Family Of A Man Died Filed A Lawsuit Against A Des Moines Aviation. The family of a Minnesota man who died in the fiery crash of an experimental aircraft has filed a lawsuit against a Des Moines aviation company, which the family claims improperly serviced the fuel-injection system of the craft.
Bennett Moyle, 55, of Edina, Minn., was killed in July 2001 when his experimental plane went down at a “fly in” near Oshkosh, Wis.
Moyle’s family filed suit in Polk County District Court, seeking a jury trial and an unspecified amount of money.
Elliott Aviation of Des Moines services planes at airports in Omaha, Neb.; Moline, Ill.; and Minneapolis.
Moyle’s plane was serviced in Minneapolis with parts manufactured by Ada, Okla.-based General Aviation Modifications Inc., which also is named in the lawsuit, said Steven Lawyer, a Des Moines attorney for the Moyle family.
All Experimental Aircraft Are Inspected
Moyle’s plane, a Glasair III, also known as a Stoddard-Hamilton SH3, is a small, engine-powered aircraft that is assembled by the owner with the help of a kit and instruction booklet. Before they are flown, all experimental aircraft are inspected by a Federal Aviation Administration official.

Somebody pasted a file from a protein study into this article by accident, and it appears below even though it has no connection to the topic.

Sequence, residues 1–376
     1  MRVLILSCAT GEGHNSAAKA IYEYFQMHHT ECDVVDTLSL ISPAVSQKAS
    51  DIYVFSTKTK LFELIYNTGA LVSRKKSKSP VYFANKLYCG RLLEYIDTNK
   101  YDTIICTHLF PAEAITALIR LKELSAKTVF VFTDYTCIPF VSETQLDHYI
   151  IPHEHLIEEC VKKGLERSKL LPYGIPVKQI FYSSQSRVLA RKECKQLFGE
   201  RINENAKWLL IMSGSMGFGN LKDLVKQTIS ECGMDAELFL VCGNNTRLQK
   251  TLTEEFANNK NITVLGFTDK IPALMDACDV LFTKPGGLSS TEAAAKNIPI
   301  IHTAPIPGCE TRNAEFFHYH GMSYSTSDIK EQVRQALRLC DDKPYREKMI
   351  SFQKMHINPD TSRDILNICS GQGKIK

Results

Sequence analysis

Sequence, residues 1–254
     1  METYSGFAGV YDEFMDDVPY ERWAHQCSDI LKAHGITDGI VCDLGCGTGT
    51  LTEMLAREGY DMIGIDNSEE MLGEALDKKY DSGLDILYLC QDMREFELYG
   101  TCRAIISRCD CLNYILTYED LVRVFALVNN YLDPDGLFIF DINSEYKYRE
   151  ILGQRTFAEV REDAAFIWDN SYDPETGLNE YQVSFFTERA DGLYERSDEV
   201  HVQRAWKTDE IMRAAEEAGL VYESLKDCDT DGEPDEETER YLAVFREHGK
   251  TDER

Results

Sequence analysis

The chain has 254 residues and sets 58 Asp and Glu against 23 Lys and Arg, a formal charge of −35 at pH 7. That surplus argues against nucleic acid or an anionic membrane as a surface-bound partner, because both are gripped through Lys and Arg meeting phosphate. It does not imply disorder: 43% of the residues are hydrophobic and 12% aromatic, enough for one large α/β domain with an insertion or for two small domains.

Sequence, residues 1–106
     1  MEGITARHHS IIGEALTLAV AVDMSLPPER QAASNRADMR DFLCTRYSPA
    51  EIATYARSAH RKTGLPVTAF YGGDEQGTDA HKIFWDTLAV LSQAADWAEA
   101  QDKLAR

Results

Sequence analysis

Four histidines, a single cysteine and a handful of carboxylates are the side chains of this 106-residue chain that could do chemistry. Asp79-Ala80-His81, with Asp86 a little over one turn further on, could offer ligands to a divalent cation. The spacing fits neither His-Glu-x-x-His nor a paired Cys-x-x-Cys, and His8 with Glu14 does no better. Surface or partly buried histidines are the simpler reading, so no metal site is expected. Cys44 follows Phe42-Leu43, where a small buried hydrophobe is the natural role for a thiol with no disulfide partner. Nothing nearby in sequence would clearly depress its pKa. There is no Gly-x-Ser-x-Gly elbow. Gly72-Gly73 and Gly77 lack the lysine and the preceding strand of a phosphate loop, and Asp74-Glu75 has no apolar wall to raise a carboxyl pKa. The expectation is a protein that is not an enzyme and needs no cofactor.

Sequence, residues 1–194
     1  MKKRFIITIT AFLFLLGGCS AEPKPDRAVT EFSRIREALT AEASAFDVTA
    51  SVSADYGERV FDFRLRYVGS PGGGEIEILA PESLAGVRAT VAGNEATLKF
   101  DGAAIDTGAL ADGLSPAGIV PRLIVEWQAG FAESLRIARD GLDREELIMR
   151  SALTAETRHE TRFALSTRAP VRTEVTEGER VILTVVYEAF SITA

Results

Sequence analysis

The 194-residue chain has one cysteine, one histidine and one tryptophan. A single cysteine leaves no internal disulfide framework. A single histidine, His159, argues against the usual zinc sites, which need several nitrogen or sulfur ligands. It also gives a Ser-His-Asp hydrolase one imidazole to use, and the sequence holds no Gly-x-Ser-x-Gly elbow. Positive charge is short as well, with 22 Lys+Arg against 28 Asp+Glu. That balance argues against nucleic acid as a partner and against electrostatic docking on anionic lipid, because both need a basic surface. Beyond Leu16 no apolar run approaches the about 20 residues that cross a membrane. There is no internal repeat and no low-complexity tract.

Moyle had been a member of the Experimental Aviation Association in Minnesota and was a licensed pilot.
Elliott Aviation provides parts and services for corporate and personal aircraft, said Lonnie Hoodjer, the company’s business manager in Des Moines.
Hoodjer would not comment on the lawsuit.
A National Transportation Safety Board investigation found the accident was caused by an inadvertent stall and spin by the pilot. The safety board report, issued in September 2002, failed to find problems with the airplane.
“It is not uncommon that the stall-spin is a description of the flight pattern of the aircraft at the time of the crash. It doesn’t necessarily tell you what causes the crash,” Lawyer said.
He added that safety board findings are not admissible as evidence in civil court cases.